(2) Goods entering NI from GB will be coming from a third country (the UK). Because those goods will be able to cross the land border into the EU’s single market, then customs procedures, tariffs, regulatory and agrifood checks will be required at the NI points of entry from GB: Warrenpoint, Belfast and Larne ports, and at airports – or more likely due to lack of infrastructure – at the GB ports of exit: Liverpool, etc, acting for the EU.

(3) Goods going in the opposite direction, Northern Ireland to GB, will require summary exit declarations under the EU’s Union Customs Code. The detail of this is not yet published.

(4) Beyond that, checks on goods going from Northern Ireland to GB will be up to the UK. It will have obligations under the WTO and may want to “protect” its own internal market from Irish-origin and therefore EU goods. In addition, new trade deals the UK agrees outside of the EU sphere may stipulate or necessitate the checking of some goods.

(5) Much depends on the detail of the new set-up –

Under the UK-EU Withdrawal Treaty , a specialised sub-committee, which forms part of the overall UK-EU Joint Committee to be created under the UK-EU Withdrawal Treaty to manage the new relationship between Britain and Europe, will agree certain aspects.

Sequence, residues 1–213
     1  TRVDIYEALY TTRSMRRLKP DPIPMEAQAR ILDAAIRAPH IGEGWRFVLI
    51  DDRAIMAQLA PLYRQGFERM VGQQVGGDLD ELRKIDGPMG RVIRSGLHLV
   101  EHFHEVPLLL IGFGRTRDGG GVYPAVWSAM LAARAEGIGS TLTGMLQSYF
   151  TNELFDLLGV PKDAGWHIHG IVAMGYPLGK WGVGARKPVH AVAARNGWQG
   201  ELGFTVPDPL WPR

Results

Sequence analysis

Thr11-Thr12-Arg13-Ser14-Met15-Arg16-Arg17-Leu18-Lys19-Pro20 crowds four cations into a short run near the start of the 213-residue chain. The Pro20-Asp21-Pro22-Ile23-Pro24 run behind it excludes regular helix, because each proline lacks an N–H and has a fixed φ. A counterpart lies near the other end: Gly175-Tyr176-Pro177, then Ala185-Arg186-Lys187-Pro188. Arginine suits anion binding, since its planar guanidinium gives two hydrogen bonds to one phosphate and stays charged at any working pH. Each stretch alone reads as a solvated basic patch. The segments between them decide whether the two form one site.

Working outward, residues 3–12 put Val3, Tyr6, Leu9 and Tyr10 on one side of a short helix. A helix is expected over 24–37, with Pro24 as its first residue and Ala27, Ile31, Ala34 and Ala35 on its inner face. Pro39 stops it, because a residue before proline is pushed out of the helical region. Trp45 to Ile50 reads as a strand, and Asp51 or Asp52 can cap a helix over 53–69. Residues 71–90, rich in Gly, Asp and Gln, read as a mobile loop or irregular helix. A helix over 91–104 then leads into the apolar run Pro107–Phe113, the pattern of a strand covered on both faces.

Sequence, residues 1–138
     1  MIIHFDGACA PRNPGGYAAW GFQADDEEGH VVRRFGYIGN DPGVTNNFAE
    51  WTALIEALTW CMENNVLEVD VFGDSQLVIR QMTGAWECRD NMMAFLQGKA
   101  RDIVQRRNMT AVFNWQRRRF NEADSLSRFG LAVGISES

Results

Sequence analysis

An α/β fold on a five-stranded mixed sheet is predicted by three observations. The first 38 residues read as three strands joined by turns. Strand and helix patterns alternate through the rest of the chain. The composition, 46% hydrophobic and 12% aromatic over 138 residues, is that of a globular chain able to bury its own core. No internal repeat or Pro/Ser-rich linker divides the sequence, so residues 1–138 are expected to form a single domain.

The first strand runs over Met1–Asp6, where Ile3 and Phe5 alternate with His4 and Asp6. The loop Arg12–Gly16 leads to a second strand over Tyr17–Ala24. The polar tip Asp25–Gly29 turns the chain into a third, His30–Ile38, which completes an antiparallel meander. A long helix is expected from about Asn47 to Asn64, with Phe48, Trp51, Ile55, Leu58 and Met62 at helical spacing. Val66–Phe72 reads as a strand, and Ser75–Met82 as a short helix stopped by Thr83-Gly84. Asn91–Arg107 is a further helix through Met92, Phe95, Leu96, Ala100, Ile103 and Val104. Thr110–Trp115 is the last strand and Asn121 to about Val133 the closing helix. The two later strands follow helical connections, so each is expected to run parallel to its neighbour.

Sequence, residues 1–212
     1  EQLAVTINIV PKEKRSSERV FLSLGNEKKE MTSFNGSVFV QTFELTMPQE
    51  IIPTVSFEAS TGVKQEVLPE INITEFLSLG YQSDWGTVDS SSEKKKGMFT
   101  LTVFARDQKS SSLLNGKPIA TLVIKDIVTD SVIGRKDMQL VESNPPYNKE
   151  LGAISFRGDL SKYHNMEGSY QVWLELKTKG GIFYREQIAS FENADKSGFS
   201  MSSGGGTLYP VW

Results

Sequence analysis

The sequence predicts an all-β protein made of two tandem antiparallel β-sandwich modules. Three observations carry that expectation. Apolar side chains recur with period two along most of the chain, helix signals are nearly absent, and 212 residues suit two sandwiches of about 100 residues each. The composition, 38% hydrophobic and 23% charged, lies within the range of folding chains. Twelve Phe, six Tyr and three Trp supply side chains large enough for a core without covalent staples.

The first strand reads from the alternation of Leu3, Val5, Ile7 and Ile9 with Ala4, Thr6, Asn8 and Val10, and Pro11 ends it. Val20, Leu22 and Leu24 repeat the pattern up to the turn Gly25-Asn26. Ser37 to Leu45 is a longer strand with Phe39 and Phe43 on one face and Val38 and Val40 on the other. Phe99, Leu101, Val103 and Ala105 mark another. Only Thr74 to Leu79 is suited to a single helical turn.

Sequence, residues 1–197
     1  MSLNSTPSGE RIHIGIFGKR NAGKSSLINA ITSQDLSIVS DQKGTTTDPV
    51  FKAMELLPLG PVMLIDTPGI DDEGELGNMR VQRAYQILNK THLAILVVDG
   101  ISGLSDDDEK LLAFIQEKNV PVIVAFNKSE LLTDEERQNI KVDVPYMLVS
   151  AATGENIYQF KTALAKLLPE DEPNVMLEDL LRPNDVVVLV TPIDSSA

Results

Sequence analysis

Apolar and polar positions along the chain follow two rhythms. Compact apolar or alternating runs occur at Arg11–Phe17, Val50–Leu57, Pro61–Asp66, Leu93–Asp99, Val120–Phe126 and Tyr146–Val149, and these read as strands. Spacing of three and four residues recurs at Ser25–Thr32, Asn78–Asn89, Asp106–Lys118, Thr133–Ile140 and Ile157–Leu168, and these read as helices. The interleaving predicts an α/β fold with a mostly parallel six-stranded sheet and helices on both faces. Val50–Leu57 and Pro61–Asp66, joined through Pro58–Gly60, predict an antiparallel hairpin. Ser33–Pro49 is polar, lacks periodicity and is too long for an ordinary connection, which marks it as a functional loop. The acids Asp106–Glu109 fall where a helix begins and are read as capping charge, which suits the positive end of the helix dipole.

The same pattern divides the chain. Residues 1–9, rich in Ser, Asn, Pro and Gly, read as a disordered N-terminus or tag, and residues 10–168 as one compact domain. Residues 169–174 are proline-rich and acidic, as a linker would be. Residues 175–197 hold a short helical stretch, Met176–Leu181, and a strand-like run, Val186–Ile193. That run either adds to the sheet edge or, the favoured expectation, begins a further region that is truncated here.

Note : the EU has acknowledged that Ireland will need to have a reserved seat – along with Spain and Cyprus, who have Protocols of their own on Gibraltar and the issue of the British military base on Cyprus in the UK-EU Withdrawal Treaty – at the Joint Committee table.

The sub-committee will agree a list of goods and categories of goods which are only destined for, or will be consumed in, Northern Ireland – in other words, where there is no obvious risk they will cross the border and enter the single market.

(6) Goods from GB to NI (dealt with by this sub-committee) may be exempted from tariffs altogether, or where tariffs are paid and where the EU tariff is higher than the UK one, importers will be able to apply for a rebate.